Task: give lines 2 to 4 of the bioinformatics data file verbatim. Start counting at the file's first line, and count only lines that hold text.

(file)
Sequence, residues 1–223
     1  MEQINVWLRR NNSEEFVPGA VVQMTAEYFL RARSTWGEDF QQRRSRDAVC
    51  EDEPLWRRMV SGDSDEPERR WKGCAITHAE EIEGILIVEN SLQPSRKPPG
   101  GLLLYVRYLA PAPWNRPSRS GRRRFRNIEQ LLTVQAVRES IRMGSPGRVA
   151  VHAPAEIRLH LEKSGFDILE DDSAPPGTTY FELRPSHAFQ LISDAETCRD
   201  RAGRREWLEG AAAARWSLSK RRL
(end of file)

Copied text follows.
     1  MEQINVWLRR NNSEEFVPGA VVQMTAEYFL RARSTWGEDF QQRRSRDAVC
    51  EDEPLWRRMV SGDSDEPERR WKGCAITHAE EIEGILIVEN SLQPSRKPPG
   101  GLLLYVRYLA PAPWNRPSRS GRRRFRNIEQ LLTVQAVRES IRMGSPGRVA